There are 2 definitions of spoke in English:

spoke1

Line breaks: spoke
Pronunciation: /spəʊk
 
/

noun

1Each of the bars or wire rods connecting the centre of a wheel to its outer edge.
More example sentences
  • A large, open circle at the front connects with an outside wheel by means of spokes, some straight and some angled, which have been painted yellow, orange, green or black.
  • China may only have blunt weapons with which to handle overheating - the economic equivalent of pushing a walking stick into the spokes of a bicycle's front wheel.
  • It was in this act of destruction, where the spokes of the bicycle splintered off, that I came to know the material.
1.1Each of a set of radial handles projecting from a ship’s wheel.
1.2Each of the metal rods in an umbrella to which the material is attached.
More example sentences
  • The umbrella, with its protective cloth stripped off and the spokes spread uselessly in the air, is thus a poignant and recurrent emblem of the dangers that lie in the rift between words and objects.

Origin

Old English spāca, of West Germanic origin; related to Dutch speek, German Speiche, from the base of spike1.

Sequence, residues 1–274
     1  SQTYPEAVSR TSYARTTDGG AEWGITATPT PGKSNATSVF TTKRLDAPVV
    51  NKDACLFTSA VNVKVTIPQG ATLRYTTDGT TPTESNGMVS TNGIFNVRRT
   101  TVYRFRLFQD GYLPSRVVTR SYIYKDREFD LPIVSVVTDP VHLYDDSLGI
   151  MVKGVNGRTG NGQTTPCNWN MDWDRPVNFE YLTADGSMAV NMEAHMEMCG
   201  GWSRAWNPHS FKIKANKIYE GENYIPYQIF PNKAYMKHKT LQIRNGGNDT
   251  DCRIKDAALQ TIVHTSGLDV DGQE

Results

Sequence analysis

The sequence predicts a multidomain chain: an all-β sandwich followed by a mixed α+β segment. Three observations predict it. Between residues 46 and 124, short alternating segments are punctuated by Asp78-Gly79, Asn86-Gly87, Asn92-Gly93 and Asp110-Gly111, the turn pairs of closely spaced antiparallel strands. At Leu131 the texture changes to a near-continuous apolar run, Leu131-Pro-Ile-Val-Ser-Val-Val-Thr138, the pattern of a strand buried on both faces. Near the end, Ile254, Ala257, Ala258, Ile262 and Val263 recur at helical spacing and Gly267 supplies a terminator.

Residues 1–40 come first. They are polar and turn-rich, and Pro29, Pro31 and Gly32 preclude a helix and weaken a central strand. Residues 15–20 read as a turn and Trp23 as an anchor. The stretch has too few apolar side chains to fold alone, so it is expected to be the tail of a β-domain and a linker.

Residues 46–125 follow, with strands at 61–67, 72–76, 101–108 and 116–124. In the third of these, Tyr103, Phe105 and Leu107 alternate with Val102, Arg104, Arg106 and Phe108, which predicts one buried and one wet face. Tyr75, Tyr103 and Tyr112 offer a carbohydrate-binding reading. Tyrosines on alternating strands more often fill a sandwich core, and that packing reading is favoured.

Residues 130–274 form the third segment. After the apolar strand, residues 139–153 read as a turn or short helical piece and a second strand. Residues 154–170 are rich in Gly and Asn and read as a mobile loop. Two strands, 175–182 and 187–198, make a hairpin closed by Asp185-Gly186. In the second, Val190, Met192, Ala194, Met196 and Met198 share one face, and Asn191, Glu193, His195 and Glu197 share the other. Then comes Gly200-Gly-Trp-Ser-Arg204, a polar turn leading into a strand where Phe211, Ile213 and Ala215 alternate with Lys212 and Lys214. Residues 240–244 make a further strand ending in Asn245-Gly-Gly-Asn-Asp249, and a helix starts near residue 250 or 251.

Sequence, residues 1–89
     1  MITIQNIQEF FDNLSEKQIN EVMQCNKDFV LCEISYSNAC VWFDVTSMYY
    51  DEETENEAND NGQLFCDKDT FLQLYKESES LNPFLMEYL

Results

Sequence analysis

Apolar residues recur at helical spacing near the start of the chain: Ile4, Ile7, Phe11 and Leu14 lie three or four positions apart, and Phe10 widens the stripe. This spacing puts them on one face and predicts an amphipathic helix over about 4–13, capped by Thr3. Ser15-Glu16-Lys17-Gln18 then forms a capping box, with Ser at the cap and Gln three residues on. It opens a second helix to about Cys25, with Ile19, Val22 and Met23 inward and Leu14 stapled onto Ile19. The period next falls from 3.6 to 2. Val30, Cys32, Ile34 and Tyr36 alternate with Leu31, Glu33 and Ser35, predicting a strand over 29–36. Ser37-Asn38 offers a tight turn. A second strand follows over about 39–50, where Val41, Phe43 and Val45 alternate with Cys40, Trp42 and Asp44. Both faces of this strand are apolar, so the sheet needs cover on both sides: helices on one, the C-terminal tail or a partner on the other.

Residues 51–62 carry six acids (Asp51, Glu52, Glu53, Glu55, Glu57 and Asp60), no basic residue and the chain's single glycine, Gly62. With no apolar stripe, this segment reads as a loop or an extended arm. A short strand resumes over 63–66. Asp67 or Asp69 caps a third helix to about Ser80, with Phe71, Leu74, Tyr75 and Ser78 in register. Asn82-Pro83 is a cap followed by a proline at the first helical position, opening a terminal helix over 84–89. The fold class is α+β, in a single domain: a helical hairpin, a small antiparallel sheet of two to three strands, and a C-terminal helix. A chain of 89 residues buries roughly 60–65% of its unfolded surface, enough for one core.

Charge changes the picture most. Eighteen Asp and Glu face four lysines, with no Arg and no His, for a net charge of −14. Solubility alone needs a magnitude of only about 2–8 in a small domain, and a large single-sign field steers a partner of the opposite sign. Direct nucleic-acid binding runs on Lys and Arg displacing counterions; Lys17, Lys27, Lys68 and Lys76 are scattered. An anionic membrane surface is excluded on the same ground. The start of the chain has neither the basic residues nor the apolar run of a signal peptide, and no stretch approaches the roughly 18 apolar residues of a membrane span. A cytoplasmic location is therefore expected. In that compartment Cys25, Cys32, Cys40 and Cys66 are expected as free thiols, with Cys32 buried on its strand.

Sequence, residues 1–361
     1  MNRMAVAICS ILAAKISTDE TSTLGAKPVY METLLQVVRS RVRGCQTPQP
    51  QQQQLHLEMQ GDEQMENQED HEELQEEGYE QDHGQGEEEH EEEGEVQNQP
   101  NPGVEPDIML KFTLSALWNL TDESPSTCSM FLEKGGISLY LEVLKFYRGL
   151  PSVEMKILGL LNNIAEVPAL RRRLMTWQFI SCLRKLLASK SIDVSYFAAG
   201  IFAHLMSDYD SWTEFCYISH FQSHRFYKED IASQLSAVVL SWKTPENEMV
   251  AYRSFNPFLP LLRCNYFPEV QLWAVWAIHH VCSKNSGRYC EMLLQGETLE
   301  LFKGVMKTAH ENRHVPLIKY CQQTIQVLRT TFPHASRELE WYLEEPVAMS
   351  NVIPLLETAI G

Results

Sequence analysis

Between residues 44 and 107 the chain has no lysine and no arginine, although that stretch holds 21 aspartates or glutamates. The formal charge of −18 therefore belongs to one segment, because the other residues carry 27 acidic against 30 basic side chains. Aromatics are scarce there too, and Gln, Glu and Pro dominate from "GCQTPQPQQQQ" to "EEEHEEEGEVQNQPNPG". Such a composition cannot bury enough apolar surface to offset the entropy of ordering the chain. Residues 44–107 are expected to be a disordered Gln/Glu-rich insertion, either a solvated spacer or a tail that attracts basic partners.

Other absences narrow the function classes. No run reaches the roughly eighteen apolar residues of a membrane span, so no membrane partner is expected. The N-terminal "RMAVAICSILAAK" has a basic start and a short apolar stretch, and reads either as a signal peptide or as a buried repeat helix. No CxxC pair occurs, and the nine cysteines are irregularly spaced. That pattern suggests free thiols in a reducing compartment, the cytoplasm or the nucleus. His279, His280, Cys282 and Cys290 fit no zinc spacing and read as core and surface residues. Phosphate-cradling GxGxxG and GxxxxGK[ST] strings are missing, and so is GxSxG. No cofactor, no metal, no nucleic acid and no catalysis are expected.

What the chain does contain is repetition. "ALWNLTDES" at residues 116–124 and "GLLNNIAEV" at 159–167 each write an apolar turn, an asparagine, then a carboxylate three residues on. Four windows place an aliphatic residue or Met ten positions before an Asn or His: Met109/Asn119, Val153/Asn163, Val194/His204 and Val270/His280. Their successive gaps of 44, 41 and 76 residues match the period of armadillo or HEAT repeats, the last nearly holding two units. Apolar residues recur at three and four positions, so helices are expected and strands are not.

Phrases

put a spoke in someone's wheel

British Prevent someone from carrying out a plan.
More example sentences
  • His position as deputy manager of a State tobacco company might have put a spoke in the judge's wheel, thwarting his plan to proceed in accordance with the law.
  • And here's a comment from a LibDem voter: ‘I always thought he was a good MP but you have put a spoke in his wheel.’
  • He said: ‘There has been a bit of needle between the tracks in the past and I would love to put a spoke in their wheel.’

Derivatives

spoked

adjective
[in combination]: a wire-spoked wheel

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